His first 2016 debate against Democrat Hillary Clinton attracted 84 million viewers, the most for a presidential debate.
The first presidential debate in a series tends to attract the most viewers, although not always.
The second 2008 debate between Democrat Barack Obama and Republican John McCain was the most viewed, according to the Pew Research Center. (That was also the only year when more people tuned in to the vice presidential debate than to one of the presidential matches.)
Large shares of voters have told the Pew Research Center over the years that the debates were very or somewhat helpful in deciding who to vote for. But only 10% of those who voted in 2016 said they had definitely made up their minds “during or just after” the debates. Almost two-thirds said they had decided around the time of the conventions or even before.
— Maureen Groppe
Biden tweets photo of headphones and ice cream to mock Trump
The Joe Biden campaign had some pre-debate fun on Twitter, throwing shade on President Donald Trump’s accusations that Biden could be on performance-enhancing drugs and wearing an earpiece during the debate.
“It’s debate night, so I’ve got my earpiece and performance enhancers ready,” Biden tweeted with a photo of earphones and a tub of Jeni’s Splendid Ice Creams.
The choice of Jeni’s, based in Columbus, Ohio, was seemingly a nod to Cleveland, Ohio, which is hosting the debate.
It’s debate night, so I’ve got my earpiece and performance enhancers ready. pic.twitter.com/EhOiWdjh1b
— Joe Biden (@JoeBiden) September 29, 2020
Trump has routinely level baseless accusations that Biden – whose mental fitness he has questioned throughout the campaign – is taking performance-enhancing drugs.
The Trump campaign Tuesday accused the Biden campaign of agreeing several days ago to a “pre-debate inspection for electronic earpieces” but “abruptly reversed themselves” today.
During a press call Tuesday, Biden deputy campaign manager Kate Bedingfield said Biden will not be wearing an earpiece and fired back, alleging the Trump campaign asked debate moderator Chris Wallace to not mention the number of COVID-19 deaths during the debate.
— Joey Garrison
How to watch?
Viewers can stream the match-up live at USATODAY.com and all of our social platforms. The debate also will be aired on most major networks and cable news channels, including Fox News, CNN, ABC, CBS, NBC, MSNBC, PBS and C-SPAN.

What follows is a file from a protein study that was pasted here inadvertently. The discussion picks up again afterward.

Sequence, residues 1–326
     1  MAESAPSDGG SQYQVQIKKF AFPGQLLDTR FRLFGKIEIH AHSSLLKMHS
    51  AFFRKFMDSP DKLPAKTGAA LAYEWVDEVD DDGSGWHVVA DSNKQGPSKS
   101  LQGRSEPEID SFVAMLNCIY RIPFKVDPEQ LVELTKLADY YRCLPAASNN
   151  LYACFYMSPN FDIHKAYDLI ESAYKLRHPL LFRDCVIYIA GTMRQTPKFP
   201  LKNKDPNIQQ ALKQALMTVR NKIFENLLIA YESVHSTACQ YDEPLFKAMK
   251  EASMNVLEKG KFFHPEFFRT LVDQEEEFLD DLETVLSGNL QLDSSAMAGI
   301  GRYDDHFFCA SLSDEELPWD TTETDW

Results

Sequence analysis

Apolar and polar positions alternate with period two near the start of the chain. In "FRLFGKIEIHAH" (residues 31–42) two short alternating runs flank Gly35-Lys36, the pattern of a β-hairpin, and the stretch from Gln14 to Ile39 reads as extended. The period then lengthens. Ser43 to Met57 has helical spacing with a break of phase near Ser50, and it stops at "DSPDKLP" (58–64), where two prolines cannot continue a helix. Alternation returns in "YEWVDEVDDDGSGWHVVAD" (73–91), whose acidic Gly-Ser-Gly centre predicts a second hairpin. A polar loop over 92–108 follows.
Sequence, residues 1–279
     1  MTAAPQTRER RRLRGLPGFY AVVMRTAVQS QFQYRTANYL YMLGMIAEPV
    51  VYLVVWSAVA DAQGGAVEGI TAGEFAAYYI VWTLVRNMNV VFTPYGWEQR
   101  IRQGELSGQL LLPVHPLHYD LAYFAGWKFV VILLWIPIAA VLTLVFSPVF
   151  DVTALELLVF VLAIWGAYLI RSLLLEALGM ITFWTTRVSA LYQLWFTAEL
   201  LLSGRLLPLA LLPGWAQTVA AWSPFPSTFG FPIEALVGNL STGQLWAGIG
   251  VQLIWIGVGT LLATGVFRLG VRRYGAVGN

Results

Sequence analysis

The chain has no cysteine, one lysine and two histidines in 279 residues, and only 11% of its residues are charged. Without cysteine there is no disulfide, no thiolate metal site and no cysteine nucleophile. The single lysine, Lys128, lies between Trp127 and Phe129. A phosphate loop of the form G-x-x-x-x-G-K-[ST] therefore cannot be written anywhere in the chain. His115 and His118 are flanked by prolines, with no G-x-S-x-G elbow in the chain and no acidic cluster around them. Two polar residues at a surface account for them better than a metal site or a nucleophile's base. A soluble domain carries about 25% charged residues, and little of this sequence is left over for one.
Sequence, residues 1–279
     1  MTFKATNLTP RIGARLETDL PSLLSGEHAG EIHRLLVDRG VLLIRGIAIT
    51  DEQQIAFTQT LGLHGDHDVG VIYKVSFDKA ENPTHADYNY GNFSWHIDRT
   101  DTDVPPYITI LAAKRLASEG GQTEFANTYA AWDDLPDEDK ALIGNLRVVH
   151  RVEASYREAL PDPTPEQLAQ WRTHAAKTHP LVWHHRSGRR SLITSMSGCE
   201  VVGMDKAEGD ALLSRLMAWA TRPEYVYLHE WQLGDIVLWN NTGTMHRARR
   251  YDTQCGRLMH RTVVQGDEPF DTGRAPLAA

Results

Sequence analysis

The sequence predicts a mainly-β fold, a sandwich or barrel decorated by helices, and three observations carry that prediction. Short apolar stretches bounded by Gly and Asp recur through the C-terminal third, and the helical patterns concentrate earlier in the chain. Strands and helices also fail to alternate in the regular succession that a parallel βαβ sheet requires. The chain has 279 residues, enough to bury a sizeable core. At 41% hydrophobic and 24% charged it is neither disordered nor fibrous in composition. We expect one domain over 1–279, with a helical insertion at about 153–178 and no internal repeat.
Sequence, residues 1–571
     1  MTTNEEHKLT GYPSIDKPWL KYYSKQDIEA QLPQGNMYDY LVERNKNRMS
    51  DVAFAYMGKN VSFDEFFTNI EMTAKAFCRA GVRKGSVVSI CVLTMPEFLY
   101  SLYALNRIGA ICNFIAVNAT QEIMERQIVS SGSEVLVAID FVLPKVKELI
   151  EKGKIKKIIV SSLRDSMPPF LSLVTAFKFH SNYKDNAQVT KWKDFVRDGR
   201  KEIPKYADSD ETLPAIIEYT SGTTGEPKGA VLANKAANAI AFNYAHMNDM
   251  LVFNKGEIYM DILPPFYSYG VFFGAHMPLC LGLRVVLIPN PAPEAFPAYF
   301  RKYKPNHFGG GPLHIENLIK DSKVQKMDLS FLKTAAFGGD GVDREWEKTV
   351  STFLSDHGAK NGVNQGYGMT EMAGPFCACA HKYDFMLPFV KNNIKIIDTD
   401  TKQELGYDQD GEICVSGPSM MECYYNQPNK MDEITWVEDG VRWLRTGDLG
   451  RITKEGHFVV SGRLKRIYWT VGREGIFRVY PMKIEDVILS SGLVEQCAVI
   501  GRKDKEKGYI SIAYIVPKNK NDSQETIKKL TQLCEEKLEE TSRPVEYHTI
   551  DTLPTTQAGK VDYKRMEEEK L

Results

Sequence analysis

The debate is scheduled to start at 9 p.m. ET.
Presidential debate city: In the COVID era, it only takes a village
CLEVELAND – In a “normal” year, a presidential debate site is like a small city: Many hundreds of people roam sidewalks throughout the day, meeting, talking and generally taking in the scene.
This year’s opening debate at the Cleveland Clinic is more like a village, or a series of gated communities.
Fewer hundreds of people are hanging out this time, and most of them are in isolated cells required by hosts who want to block an outbreak of coronavirus at the most-watched event of the presidential election.
“This is very subdued and very scaled back,” said Aaron Kall, the director of debate at the University of Michigan who snagged a seat in the media filing center.
Most print reporters are based in the filing center at the Intercontinental Hotel that sits in the middle of the Cleveland Clinic complex.
A few blocks over, most television reporters do stand-ups from positions in a white-tented city, entry to which requires a special credential. Previously, many television networks set up broadcast facilities from within the general media filing center.
In previous presidential years, the temporary citizens of debate cities past could walk down the street – or hang out at the filing center – and bump into folks like future George W. Bush presidential counselor Karen Hughes (in 2000) or future Barack Obama presidential press secretary Josh Earnest (in 2008).
Not so this year: Campaign officials are largely sequestered in spaces across the Cleveland Clinic campus, popping out mostly for television interviews that are largely sealed off.
One group remains in force even in this shrunken community: Security.
Blue-uniformed police officers and camouflage-clad soldiers patrolled campus throughout the day. They formed a large perimeter just outside the TV tents when Trump and Biden did walk-throughs in the debate hall itself. Security choppers whomped overhead during a cloudy, windy day.
In the late afternoon, less than a dozen anti-abortion demonstrators gathered but drew relatively little attention.
The television island is across the street from the debate hall, where Trump and Biden will probably feel the biggest effect from the scaled-back debate city.